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Archive for November 3rd, 2009

ABC’s upcoming new sci-fi series V looks like it’s going to ruffle a few feathers at 1600 PennAve.  A safe bet is that Brother O will be updating his enemy’s list to include producer, writer Scott Peters.

The series suggests that many of the world’s problems are caused by the Visitors, who have been living among us as clandestine humans for some time, and the theme of the series is “blind faith and devotion.”

See Garvin’s piece below, “‘V’ aims at Obamamania,” for a more comprehensive account of the series’ not so subtle barbed commentary on the One and his worshipful followers.

The Visitors promise to do no harm, offering universal health care, medical miracles, and breakthrough technologies, but Homeland Security agent Erica Evans discovers their true plans are to infiltrate the worlds’ governments and businesses to control mankind.

The sci-fi series V premieres tonight at 8 p.m. on ABC.

In the 1:22 video clip, newscaster Decker gets an exclusive interview with Anna, the leader of the visitors:

Transcript of the interview scene:

Decker: “Do you have any questions before we go to air?”

Anna: “Just be sure not to ask anything that would paint us in a negative light.”

Decker: “Excuse me?”

Anna: “Don’t ask any questions that would portray us negatively. Ask ones like you did when we first met.”

Decker: “I think there’s a mistake. I’m a journalist. It’s my job to ask questions, even if they make the other person uncomfortable.”

Anna: “That was not my understanding.”

Decker: “I’m afraid I don’t have a choice.”

Anna: “This interview is now cancelled.”

Decker: Woe! Hang on! This is just how it’s done. I swear I’ll be fair.”

Anna: “You’ll need to be more than fair if you want to proceed. We can’t be seen in a negative light. This interview would elevate your career, wouldn’t it Mr. Decker? Don’t you want to elevate your career?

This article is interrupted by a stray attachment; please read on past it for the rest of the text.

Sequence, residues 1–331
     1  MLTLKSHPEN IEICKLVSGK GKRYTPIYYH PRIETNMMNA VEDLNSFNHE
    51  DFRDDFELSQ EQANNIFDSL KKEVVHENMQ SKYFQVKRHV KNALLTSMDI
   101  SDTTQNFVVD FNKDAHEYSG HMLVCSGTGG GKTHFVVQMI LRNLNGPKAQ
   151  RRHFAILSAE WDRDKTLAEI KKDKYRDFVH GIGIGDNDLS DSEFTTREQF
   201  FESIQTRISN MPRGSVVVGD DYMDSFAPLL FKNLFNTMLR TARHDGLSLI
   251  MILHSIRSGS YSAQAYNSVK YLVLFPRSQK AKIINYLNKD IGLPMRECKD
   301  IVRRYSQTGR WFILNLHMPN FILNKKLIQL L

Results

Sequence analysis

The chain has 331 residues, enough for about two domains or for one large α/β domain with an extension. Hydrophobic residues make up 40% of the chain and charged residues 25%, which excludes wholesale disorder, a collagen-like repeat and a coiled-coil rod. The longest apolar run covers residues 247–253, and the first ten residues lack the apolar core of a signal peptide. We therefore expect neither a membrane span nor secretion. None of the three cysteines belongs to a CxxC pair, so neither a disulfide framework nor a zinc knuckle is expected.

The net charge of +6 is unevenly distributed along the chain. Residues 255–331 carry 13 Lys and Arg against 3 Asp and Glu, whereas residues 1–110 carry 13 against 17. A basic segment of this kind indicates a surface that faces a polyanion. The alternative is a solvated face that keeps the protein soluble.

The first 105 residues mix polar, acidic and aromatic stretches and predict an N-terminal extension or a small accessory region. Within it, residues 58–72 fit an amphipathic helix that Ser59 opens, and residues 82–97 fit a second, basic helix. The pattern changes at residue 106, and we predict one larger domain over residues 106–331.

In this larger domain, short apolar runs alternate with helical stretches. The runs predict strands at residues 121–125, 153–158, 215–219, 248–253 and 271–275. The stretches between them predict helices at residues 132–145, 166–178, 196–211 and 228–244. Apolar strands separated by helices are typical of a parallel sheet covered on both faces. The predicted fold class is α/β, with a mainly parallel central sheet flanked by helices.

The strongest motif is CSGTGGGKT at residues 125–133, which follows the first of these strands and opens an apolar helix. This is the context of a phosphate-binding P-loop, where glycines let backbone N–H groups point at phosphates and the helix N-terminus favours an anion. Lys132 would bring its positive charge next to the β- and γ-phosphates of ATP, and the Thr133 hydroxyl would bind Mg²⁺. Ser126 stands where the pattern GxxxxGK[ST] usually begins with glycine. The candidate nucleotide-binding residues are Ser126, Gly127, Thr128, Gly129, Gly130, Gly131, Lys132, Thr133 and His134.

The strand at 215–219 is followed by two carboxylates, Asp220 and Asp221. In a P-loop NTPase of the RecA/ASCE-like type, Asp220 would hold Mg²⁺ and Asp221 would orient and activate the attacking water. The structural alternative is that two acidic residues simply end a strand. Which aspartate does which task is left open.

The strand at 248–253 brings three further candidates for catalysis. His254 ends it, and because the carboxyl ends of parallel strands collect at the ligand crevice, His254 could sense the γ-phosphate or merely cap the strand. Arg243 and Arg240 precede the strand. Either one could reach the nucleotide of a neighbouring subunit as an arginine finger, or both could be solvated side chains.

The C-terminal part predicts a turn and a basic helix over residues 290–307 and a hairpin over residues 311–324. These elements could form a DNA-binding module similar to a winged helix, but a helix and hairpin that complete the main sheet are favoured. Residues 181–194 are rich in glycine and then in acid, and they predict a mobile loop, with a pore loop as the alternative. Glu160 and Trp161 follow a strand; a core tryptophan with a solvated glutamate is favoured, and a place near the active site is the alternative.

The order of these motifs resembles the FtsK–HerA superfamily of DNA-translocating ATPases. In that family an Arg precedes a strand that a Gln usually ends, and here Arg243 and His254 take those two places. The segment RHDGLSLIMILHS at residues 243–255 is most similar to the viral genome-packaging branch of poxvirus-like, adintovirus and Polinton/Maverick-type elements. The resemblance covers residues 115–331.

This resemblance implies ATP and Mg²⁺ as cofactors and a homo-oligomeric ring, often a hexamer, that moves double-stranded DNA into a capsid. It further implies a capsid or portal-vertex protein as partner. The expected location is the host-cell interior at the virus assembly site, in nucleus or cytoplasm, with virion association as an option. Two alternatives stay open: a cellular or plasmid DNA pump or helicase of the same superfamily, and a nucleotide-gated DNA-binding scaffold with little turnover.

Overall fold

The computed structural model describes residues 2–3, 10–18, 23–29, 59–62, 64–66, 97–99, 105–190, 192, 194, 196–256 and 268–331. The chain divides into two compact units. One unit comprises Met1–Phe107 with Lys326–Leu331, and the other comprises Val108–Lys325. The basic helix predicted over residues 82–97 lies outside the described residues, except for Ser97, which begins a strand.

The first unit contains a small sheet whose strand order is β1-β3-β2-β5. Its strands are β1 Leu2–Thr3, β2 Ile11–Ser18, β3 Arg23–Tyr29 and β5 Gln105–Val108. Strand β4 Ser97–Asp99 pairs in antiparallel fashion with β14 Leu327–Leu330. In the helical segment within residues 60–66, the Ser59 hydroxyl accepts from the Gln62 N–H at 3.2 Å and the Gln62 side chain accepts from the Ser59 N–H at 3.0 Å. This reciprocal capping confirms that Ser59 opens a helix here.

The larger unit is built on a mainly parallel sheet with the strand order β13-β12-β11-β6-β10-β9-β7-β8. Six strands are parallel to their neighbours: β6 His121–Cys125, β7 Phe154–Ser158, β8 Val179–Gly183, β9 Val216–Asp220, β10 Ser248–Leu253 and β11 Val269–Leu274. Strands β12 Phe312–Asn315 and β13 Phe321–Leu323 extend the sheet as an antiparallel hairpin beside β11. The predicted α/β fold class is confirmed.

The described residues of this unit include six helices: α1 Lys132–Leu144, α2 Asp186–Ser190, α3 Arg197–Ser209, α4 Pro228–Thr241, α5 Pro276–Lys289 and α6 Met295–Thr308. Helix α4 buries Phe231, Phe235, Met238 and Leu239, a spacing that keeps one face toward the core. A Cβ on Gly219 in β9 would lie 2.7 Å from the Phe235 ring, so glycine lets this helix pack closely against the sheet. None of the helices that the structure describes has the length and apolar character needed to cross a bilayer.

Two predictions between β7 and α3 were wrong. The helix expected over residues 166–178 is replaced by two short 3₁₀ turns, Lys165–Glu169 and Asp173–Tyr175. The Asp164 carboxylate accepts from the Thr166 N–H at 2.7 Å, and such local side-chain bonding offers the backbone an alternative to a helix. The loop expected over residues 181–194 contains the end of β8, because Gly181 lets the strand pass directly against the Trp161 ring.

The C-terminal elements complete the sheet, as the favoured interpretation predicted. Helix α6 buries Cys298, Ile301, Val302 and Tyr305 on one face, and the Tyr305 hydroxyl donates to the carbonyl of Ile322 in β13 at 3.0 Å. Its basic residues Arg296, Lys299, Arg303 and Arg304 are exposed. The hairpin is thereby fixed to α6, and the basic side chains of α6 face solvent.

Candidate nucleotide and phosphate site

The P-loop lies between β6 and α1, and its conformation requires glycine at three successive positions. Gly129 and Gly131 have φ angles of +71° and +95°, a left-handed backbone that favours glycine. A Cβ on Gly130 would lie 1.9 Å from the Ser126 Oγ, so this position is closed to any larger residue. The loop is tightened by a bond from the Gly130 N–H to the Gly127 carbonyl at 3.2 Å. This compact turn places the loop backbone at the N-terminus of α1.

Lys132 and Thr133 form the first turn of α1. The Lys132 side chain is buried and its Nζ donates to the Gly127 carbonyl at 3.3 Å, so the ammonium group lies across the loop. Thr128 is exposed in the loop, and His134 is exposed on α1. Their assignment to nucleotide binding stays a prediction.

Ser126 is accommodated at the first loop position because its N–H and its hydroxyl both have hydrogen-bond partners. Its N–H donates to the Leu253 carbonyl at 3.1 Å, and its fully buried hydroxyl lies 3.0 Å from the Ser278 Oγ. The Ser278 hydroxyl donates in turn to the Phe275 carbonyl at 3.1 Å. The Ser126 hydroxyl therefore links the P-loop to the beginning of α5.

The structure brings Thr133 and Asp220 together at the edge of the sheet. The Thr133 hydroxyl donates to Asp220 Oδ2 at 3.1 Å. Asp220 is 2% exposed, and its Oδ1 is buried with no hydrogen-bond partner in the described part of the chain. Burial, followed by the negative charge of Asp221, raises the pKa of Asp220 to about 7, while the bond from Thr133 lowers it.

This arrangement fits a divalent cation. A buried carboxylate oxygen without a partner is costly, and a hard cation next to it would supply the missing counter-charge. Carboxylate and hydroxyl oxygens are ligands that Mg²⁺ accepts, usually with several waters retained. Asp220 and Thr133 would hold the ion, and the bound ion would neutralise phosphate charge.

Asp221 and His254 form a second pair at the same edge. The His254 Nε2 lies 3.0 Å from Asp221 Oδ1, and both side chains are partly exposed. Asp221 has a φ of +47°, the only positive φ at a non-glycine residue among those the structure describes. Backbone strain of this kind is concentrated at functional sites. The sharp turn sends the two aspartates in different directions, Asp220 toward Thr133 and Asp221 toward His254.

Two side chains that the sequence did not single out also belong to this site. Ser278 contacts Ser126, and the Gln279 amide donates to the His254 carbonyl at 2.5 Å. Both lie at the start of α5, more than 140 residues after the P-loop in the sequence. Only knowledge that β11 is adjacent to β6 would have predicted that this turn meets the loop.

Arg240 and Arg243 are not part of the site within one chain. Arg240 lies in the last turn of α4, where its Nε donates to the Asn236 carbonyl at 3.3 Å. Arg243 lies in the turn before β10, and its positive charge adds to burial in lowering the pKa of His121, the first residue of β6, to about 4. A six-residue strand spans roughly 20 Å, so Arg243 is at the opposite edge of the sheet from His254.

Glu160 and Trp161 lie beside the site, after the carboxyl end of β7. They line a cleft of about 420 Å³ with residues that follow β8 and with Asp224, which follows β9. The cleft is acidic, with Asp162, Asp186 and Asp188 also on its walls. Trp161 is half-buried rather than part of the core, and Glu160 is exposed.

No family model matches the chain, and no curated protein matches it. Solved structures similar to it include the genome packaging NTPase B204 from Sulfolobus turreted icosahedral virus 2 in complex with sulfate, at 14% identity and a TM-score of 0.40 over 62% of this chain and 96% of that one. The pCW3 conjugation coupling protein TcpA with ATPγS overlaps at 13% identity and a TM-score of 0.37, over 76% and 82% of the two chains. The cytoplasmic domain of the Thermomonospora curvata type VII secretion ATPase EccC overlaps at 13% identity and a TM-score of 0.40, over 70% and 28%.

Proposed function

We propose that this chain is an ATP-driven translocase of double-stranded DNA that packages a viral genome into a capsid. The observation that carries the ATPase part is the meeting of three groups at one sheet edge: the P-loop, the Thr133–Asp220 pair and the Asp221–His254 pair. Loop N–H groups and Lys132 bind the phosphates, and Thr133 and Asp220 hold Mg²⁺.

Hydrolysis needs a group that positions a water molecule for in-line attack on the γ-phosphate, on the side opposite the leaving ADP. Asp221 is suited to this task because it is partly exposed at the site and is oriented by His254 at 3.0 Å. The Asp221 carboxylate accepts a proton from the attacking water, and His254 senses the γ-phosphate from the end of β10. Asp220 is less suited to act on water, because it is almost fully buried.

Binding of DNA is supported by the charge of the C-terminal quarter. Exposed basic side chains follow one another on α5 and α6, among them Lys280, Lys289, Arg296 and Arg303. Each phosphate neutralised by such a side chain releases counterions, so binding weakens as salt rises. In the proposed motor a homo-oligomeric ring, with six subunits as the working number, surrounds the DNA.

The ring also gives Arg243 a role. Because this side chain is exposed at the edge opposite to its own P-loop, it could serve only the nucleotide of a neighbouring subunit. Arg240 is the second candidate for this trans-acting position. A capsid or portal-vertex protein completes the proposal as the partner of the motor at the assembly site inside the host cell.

‘V’ aims at Obamamania

By Glenn Garvin

Imagine this. At a time of political turmoil, a charismatic, telegenic new leader arrives virtually out of nowhere. He offers a message of hope and reconciliation based on compromise and promises to marshal technology for a better future that will include universal health care.

The news media swoons in admiration — one simpering anchorman even shouts at a reporter who asks a tough question: “Why don’t you show some respect?!” The public is likewise smitten, except for a few nut cases who circulate batty rumors on the Internet about the leader’s origins and intentions. The leader, undismayed, offers assurances that are soothing, if also just a tiny bit condescending: “Embracing change is never easy.”

So, does that sound like anyone you know? Oh, wait — did I mention the leader is secretly a totalitarian space lizard who’s come here to eat us?

Welcome to ABC’s “V,” the most fascinating and bound to be the most controversial new show of the fall television season. Nominally a rousing sci-fi space opera about alien invaders bent on the conquest (and digestion) of all humanity, it’s also a barbed commentary on Obamamania that will infuriate the president’s supporters and delight his detractors.

“We’re all so quick to jump on the bandwagon,” observes one character. “A ride on the bandwagon, it sounds like fun. But before we get on, let us at least make sure it is sturdy.”

The bandwagon in this case is conspicuously saucer-shaped. “V” starts with the arrival of a couple of dozen ships from outer space, piloted by creatures who look like humans except a lot prettier. “Don’t be frightened,” says their luminously beautiful leader Anna (Morena Baccarin, “Serenity”). “We mean no harm.”

The aliens — who become known as V’s, for visitors — quickly enthrall their wide-eyed human hosts.

A handful of dissidents hold out against the rapturous reception given the V’s. Some are simply uneasy, such as the youthful priest Father Jack (Joel Gretsch, “The 4400”), who sharply criticizes the Vatican’s embrace of the V’s as divine creations: “Rattlesnakes are God’s creatures too.”

With or without the political sheen, “V” is sweeping television storytelling at its best. Whether you choose to view it as a blood-and-guts war story, a spy thriller (unlike the original show, these V’s are perfect replicas of humans, so you never really know who might be sitting beside you at the bar), a high-stakes family drama (as households divide over the intentions of the V’s), a religious allegory (the V’s make a crippled man walk, filling up churches again) or just a sci-fi throwback to the days of “Earth vs. the Flying Saucers” and “The Thing,” “V” is irresistible. This bandwagon is definitely worth jumping on. 

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Democrats love the GOP’s big tent because nobody’s in it and when the moderate card is played, it wins elections for them. Americans need a GOP that has a conservative-libertarian backbone, opposes statist progressivism, and can persuade a majority of Americans to vote for something better than egalitarianism and redistribution of wealth.